Saturday, November 20, 2010
While I was standing in line at Target trying to convince Cohen that playing with his crackle book would be just as much fun as chewing on the economy size bag of cat food I noticed this among all the smut rags. For those of you who don't know, I am a HUGE fan of classic films and their players. I collect biographies on Marilyn Monroe, Clark Gable, Jean Harlow, Betty Grable, Sidney Poitier, just to name a few. I have yet to come across someone who shares this passion, or at least someone who doesn't also remember the Great Depression or the signing of the Declaration of Independence. While most kids my age had a crush on Jesse from Full House or Devon Sawa I preferred Cary Grant and Gene Kelly who seemed much more sophisticated albeit dead.
I purchased this Vanity Fair without hesitation.
I love how over 45 years after her death Marilyn can grace the cover of a coveted fashion periodical and still hold her own among the new, younger, and more current faces of today. Even in her films Marilyn had a way of inadvertently drawing the audience to her, even when other actresses, equally dazzling on their own shared a scene with her, they always seemed less graceful, less vibrant, almost dowdy. I have over a dozen books on Ms. Monroe and her story, all varieties of it, never ceases to fascinate me. Although I have a tendency to lean more toward the idea that she was less of a selfish, drug-addled, mental case and more of an innocent, dreamy, individual who struggled to leave a painful and abusive past behind her. This article is based on the release of a new book, Fragments by Stanley Buchthal and Bernard Comment, which includes exerts from Marilyn's personal diaries and journals.
This book currently tops my Christmas Wish List.
Posted by Barstow at 6:44 AM
Tuesday, November 9, 2010
Another month down and, at the risk of sounding like a repetitive bore, you just keep getting more and more wonderful! This past month you have fallen into a REAL schedule, no more wondering if and when you were going to cry through that afternoon nap or if you'd wake up at 4 am or 8 am and it was WORK, boy. Several people told me about getting you on a schedule, people who are parents themselves, decent parents at that, and I thought that was something I could do around, oh, week TWO. HA! What a silly, brainless mama I was. So, months went by, and there was a lot of weeping and gnashing of teeth, mostly mine, and it seemed like we would never make progress, or you'd have one good day out of a dozen and I would just start feel the tension give a little and then you'd be back at it, just being an ornery baby that couldn't be bothered with something as simple as a schedule. Now we've finally turned a corner and I am SO utterly relieved. Phew!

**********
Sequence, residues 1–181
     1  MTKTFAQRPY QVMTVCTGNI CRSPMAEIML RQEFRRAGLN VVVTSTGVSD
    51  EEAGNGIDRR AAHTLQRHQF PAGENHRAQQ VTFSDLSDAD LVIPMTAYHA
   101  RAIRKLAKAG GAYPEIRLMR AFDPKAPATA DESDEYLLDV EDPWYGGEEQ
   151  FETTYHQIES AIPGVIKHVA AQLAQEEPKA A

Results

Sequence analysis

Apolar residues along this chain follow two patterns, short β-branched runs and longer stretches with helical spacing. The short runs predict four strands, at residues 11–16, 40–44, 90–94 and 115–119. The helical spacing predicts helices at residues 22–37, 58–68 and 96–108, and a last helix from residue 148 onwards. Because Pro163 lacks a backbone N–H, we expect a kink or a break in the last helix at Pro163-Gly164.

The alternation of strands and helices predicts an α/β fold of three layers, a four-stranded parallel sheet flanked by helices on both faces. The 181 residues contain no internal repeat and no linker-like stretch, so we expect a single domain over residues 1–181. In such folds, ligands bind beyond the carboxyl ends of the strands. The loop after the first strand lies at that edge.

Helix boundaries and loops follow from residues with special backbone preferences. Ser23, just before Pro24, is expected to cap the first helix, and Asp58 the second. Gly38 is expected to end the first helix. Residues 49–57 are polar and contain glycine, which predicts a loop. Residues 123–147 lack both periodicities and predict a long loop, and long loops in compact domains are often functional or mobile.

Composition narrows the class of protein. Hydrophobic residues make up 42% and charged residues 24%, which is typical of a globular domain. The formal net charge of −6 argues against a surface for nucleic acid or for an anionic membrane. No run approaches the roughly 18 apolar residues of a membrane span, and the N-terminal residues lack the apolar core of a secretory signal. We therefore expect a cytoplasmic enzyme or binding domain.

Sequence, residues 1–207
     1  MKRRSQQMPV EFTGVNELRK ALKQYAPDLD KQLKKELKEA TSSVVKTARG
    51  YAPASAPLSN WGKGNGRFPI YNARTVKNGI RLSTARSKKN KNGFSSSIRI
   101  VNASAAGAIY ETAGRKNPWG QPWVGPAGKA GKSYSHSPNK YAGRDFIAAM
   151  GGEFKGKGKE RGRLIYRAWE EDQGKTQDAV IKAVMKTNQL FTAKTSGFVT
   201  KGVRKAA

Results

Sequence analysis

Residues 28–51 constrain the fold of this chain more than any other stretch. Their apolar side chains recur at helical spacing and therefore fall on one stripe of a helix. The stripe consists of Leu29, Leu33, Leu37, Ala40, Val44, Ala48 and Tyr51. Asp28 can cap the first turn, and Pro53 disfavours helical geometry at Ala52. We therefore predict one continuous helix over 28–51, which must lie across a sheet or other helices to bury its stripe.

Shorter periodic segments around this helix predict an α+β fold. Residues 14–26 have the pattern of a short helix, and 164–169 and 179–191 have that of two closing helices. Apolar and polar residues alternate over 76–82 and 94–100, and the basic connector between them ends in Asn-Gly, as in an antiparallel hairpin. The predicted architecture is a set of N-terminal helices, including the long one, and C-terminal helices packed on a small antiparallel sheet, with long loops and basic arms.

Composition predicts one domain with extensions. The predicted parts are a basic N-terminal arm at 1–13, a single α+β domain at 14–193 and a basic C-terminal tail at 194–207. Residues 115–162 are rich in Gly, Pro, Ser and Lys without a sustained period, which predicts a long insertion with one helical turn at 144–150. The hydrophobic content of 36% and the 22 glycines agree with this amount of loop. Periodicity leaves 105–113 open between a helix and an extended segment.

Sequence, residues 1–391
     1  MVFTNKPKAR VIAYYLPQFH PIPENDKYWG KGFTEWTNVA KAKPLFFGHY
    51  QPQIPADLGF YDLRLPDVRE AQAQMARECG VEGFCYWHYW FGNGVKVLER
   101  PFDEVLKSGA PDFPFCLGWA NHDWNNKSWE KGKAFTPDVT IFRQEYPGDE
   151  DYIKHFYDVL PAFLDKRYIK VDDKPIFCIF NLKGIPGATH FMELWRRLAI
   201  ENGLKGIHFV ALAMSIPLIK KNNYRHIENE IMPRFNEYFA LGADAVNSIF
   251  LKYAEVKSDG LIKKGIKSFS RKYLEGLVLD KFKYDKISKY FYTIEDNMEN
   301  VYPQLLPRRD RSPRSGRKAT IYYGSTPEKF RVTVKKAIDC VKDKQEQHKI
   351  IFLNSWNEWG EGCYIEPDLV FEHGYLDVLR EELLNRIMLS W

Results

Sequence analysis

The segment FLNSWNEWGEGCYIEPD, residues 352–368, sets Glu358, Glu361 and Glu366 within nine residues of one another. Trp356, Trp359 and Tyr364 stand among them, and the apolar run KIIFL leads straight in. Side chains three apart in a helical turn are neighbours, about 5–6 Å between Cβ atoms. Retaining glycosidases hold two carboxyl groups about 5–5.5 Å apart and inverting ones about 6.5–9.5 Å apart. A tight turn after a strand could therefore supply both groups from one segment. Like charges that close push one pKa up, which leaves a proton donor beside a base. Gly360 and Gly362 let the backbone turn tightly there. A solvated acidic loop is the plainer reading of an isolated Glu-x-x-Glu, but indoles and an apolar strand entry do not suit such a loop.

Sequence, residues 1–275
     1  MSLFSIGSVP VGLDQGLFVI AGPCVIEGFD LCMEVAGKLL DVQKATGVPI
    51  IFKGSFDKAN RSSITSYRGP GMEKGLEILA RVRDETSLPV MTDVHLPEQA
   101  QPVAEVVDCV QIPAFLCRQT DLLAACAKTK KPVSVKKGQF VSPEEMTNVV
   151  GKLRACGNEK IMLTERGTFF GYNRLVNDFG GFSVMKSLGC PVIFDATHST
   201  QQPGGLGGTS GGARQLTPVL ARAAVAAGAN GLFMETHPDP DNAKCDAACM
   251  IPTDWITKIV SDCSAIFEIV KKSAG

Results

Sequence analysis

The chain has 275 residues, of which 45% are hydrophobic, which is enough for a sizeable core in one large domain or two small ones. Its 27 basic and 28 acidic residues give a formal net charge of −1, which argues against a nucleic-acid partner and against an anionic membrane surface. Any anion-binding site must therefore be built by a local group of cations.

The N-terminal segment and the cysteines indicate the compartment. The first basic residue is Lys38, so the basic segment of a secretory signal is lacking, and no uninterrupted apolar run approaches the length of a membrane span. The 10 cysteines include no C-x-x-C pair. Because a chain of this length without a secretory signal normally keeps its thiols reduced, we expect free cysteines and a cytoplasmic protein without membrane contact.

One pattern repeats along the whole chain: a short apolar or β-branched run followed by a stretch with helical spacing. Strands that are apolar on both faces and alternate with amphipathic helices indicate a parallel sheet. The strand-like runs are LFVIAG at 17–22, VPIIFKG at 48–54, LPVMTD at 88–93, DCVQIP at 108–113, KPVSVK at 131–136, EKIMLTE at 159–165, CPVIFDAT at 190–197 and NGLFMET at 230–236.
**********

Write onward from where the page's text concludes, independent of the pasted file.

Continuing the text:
I fully expected your first teeth to come in this past month but they've been MIA, which doesn't do anything to explain all the drool and gnawing on any and every surface within an inch of your face. And size is no deterrent, be it a cheerio or a couch, you show no prejudice when it comes to chewable objects. I started making your food a little more "texture-y" just to coax those little incisors to push their way through. We're still waiting.
When I picked you up from your Nana's a few days ago you were sporting a rather impressive black eye and it turns out you had a run-in with a very hard, plastic, toy. Why do they do that, those toy companies, make a baby's toy out of the hardest surface on the planet? So, of course, while you were sitting there minding your own business and your head just got a little too heavy and pitched you forward, you smacked it. I was horrified at first, my precious babe, swollen and bruised but then I figured, "That's life" and it didn't even require a trip to the ER. Two bonus points for you! It only took about 3 days for the bruising to go away just in time for you to beam yourself in the face with your musical maraca. Oh, the wonder of boys!